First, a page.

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<cmath>\frac{ab + 1}{a + b} < \frac{3}{2} \rightarrow 2ab + 2 < 3a + 3b \rightarrow 4ab - 6a - 6b + 4 < 0 \rightarrow (2a - 3)(2b - 3) < 5.</cmath>
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<cmath>2a - 3, 2b - 3 \in \{x \neq 2k, k \in Z \} \rightarrow</cmath> <math>(2a-3)</math> and <math>(2b-3)</math> each cannot be even or else <math>a</math> and <math>b</math> will not be integers
 
<cmath>(2a - 3)(2b - 3) = 1, 3 \rightarrow (2a - 3, 2b - 3) = (1, 1), (1, 3), (3, 1).</cmath>
 
<cmath>(2a - 3)(2b - 3) = 1, 3 \rightarrow (2a - 3, 2b - 3) = (1, 1), (1, 3), (3, 1).</cmath>
 
<cmath>(a, b) = (2, 2), (2, 3), (3, 2).</cmath>
 
<cmath>(a, b) = (2, 2), (2, 3), (3, 2).</cmath>
 
<cmath>\frac{a^3 b^3 + 1}{a^3 + b^3} = \frac{65}{16}, \frac{31}{5}.</cmath>
 
<cmath>\frac{a^3 b^3 + 1}{a^3 + b^3} = \frac{65}{16}, \frac{31}{5}.</cmath>
<cmath>\frac{31}{5} \rightarrow \boxed{36}.</cmath>
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<cmath>\frac{31}{5} \rightarrow \boxed{036}.</cmath>
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(<math>a=1 \rightarrow b=1, 2, 3... \rightarrow \frac{b^3+1}{b^3+1}=1</math>; <math>1<31/5</math>).
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==Solution 3==
  
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Notice that for <math>\frac{a^3b^3+1}{a^3+b^3}</math> to be maximized, <math>\frac{ab+1}{a+b}</math> has to be maximized. We simplify as above to <math>2ab + 2 < 3a + 3b</math>, which is <math>(a-\frac{3}{2})(b-\frac{3}{2}) < \frac{5}{4}</math>. To maximize, <math>a</math> has to be as close to <math>b</math> as possible, making <math>a</math> close to <math>\frac{3+\sqrt{5}}{2}</math>. Because <math>a</math> and <math>b</math> are positive integers, <math>a = 3</math>, and checking back gives <math>b = 2</math> as the maximum or the other way around, which the answer is thus <math>\frac{216+1}{27+8} = \frac{217}{35} = \frac{31}{5} \rightarrow \boxed{036}</math>.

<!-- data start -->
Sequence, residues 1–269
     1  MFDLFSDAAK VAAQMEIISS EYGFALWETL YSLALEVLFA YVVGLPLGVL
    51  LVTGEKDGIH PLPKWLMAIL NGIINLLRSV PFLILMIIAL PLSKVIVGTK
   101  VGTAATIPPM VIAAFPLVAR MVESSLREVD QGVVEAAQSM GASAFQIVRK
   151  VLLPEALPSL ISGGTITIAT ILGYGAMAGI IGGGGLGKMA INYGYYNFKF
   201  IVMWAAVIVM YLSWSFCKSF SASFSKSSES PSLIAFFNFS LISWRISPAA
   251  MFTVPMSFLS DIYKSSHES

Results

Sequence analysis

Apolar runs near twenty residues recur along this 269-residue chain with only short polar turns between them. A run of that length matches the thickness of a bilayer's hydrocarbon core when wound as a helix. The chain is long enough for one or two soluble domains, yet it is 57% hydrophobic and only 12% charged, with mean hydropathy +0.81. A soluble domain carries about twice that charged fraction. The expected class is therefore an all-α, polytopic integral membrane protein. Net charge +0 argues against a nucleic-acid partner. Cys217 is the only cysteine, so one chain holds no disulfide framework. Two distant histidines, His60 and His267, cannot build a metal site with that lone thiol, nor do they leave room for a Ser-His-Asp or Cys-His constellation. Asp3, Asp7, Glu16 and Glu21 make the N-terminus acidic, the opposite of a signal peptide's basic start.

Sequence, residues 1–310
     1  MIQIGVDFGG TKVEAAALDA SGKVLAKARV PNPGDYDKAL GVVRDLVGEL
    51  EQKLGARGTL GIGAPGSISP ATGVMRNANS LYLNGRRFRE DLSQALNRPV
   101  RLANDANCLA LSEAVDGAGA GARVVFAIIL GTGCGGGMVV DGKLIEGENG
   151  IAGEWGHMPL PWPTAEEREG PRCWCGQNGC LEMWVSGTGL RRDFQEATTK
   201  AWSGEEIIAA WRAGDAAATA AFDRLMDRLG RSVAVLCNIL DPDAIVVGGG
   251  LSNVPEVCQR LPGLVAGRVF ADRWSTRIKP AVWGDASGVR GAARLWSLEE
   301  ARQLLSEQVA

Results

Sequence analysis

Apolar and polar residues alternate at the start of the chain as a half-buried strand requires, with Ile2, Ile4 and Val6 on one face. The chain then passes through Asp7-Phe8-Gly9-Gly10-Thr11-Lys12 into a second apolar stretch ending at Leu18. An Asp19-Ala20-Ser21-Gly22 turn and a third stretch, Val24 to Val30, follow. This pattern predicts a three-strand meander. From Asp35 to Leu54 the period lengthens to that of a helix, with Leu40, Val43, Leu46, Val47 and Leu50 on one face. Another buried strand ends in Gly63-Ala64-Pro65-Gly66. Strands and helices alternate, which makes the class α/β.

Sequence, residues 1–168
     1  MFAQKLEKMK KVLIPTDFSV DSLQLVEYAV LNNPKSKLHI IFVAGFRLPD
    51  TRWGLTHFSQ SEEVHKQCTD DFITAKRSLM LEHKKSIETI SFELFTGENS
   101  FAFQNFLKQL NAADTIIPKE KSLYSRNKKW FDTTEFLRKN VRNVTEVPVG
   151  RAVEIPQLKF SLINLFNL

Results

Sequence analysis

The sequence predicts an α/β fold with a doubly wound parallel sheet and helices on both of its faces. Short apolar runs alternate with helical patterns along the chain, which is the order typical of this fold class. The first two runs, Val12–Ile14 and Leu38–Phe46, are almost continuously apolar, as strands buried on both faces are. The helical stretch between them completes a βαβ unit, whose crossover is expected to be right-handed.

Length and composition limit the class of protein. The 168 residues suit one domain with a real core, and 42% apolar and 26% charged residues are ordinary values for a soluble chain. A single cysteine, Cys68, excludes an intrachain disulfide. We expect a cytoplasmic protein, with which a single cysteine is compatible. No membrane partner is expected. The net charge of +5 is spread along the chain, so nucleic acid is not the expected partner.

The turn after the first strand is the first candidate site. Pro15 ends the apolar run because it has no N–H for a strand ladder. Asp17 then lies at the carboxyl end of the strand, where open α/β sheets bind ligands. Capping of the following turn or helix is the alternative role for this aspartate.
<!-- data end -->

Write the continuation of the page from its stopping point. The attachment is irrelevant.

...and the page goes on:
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==Solution 4==
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Guess and check a few values of <math>a</math> and <math>b</math> you will find two things. One, that the highest values of <math>a</math> and <math>b</math> are the closest to <math>\frac{3}{2}</math>. Two, that the pair <math>(2,3)</math> is the highest possible value of <math>a, b</math>. So plugging in <math>a=2</math> and <math>b=3</math> we get <math>((2*3)^3)+1/(8+27)</math> = <math>\frac{217}{35}</math> = <math>\frac{31}{5}</math>, and <math>31+5 = 36</math>.
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Solution by Helloitsaaryan
 
==See also==
 
==See also==
 
{{AIME box|year=2015|n=II|num-b=7|num-a=9}}
 
{{AIME box|year=2015|n=II|num-b=7|num-a=9}}
 +
[[Category: Intermediate Algebra Problems]]
 
{{MAA Notice}}
 
{{MAA Notice}}

Latest revision as of 13:16, 5 February 2022

Problem

Let $a$ and $b$ be positive integers satisfying $\frac{ab+1}{a+b} < \frac{3}{2}$. The maximum possible value of $\frac{a^3b^3+1}{a^3+b^3}$ is $\frac{p}{q}$, where $p$ and $q$ are relatively prime positive integers. Find $p+q$.

Solution 1